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Rain or shine, these are the right reds

    At the time of writing, the view from my window is of a grey, chilly, rain-filled sky. With luck, you are currently looking at blue, warm, and sunny. But this summer, who can ever guess? There is a saying in Wyoming, a state notorious for its rapidly changing meteorological conditions: “If you don’t like the weather, wait five minutes”. Wyoming seems to have come to Britain for its summer holidays.
    Such unpredictability calls for wine buying strategies covering all eventualities, from barbecue to braised brisket. Normally, at this time of year, we gravitate towards light-bodied reds that can, if you choose, be served lightly chilled. Beaujolais fits that bill perfectly, but the hefty price increases may intimidate some of us.
    In any event, I am suggesting an approach that does not leave much room for Beaujolais. Not at a barbecue. Those charred, smoky flavours need something bigger than Beauj. And for me, wines from the south of France – power, gripping tannins, approachable fruit – are perfect. I make sure the wines are not too warm, even if the weather is. These wines are best between 16°C and 18°C (60-65°F). If necessary, chill them down in the fridge.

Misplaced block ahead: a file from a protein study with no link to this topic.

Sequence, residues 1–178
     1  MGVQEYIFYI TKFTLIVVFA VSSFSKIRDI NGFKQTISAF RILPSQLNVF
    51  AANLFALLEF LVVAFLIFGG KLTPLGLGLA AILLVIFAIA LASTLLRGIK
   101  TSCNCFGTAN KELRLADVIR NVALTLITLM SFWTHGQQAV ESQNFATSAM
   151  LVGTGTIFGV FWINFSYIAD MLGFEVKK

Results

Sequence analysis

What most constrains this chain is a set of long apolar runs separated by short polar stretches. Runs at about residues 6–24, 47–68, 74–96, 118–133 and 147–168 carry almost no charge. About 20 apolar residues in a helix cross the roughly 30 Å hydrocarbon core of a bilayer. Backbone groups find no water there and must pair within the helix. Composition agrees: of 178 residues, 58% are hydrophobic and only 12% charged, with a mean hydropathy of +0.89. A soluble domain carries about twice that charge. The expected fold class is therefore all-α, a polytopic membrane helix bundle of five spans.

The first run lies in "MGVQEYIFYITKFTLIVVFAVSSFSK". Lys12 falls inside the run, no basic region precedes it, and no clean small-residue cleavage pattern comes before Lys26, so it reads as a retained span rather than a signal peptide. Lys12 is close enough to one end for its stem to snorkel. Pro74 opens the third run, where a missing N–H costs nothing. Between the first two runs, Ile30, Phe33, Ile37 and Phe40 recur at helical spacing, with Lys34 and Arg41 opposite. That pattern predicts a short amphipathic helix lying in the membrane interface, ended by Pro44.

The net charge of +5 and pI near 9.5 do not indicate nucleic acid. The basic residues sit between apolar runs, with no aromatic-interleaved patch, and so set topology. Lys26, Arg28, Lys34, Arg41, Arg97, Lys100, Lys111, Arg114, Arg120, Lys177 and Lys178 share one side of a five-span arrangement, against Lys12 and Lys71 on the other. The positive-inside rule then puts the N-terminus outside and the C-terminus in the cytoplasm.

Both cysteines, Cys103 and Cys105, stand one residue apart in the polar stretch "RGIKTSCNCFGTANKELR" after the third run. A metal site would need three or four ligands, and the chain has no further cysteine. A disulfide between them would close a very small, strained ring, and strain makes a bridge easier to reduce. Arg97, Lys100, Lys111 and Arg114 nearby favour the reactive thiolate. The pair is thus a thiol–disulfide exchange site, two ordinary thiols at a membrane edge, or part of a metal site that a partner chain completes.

And so, most spectacularly, a pair of Châteauneuf-du-Pape from the house of Ogier: Galets Roulés 2009 and Safres 2009. (The names refer to local soil types, if you’re interested.) These boys are not cheap, but good Châteauneuf never is. Both are powerful (15 per cent) and wonderful. The Safres has become harder to find after getting some rave reviews, but Galets Roulés is at Fine & Rare Wines (www.frw.co.uk), four Morrisons Fine Wine stores, and Berry Bros & Rudd (www.bbr.com). Price in the low £20s. Worth it.
    Less exalted but still really memorable: a serious but easy-going Corbières, Château Trillol 2008. Nearly equal parts of Grenache, Syrah and Carignan, with notably supple tannins. It is £8.95 from The Wine Society (www.thewinesociety.com) and FromVineyardsDirect (www.fromvineyardsdirect.com).
    And finally, Les Jamelles Mourvèdre Réserve 2011 (Co-Op, £6.99). A rich, herb-scented, savoury wine. Perfect for barbecue, perfect for brisket. Versatility is vital, now that we live in Wyoming East.

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